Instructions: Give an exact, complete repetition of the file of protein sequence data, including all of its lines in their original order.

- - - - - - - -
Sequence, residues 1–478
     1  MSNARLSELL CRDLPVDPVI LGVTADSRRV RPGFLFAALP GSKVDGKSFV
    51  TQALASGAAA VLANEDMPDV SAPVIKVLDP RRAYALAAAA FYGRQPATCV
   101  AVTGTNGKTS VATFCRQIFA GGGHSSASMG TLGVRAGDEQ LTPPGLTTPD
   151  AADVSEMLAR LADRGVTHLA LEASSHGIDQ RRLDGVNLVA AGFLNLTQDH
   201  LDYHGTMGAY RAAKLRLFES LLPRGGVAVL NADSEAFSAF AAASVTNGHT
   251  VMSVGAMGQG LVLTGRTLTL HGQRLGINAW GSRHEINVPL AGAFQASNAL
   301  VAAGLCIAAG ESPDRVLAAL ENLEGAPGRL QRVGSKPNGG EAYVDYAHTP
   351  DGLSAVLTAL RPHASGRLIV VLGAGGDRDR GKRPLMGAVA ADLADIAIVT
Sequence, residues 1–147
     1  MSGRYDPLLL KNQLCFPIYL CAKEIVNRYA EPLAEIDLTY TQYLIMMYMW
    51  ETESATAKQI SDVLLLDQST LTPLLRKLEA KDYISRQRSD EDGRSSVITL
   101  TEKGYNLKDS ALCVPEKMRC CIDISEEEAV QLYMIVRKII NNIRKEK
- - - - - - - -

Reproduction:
Sequence, residues 1–478
     1  MSNARLSELL CRDLPVDPVI LGVTADSRRV RPGFLFAALP GSKVDGKSFV
    51  TQALASGAAA VLANEDMPDV SAPVIKVLDP RRAYALAAAA FYGRQPATCV
   101  AVTGTNGKTS VATFCRQIFA GGGHSSASMG TLGVRAGDEQ LTPPGLTTPD
   151  AADVSEMLAR LADRGVTHLA LEASSHGIDQ RRLDGVNLVA AGFLNLTQDH
   201  LDYHGTMGAY RAAKLRLFES LLPRGGVAVL NADSEAFSAF AAASVTNGHT
   251  VMSVGAMGQG LVLTGRTLTL HGQRLGINAW GSRHEINVPL AGAFQASNAL
   301  VAAGLCIAAG ESPDRVLAAL ENLEGAPGRL QRVGSKPNGG EAYVDYAHTP
   351  DGLSAVLTAL RPHASGRLIV VLGAGGDRDR GKRPLMGAVA ADLADIAIVT
Sequence, residues 1–147
     1  MSGRYDPLLL KNQLCFPIYL CAKEIVNRYA EPLAEIDLTY TQYLIMMYMW
    51  ETESATAKQI SDVLLLDQST LTPLLRKLEA KDYISRQRSD EDGRSSVITL
   101  TEKGYNLKDS ALCVPEKMRC CIDISEEEAV QLYMIVRKII NNIRKEK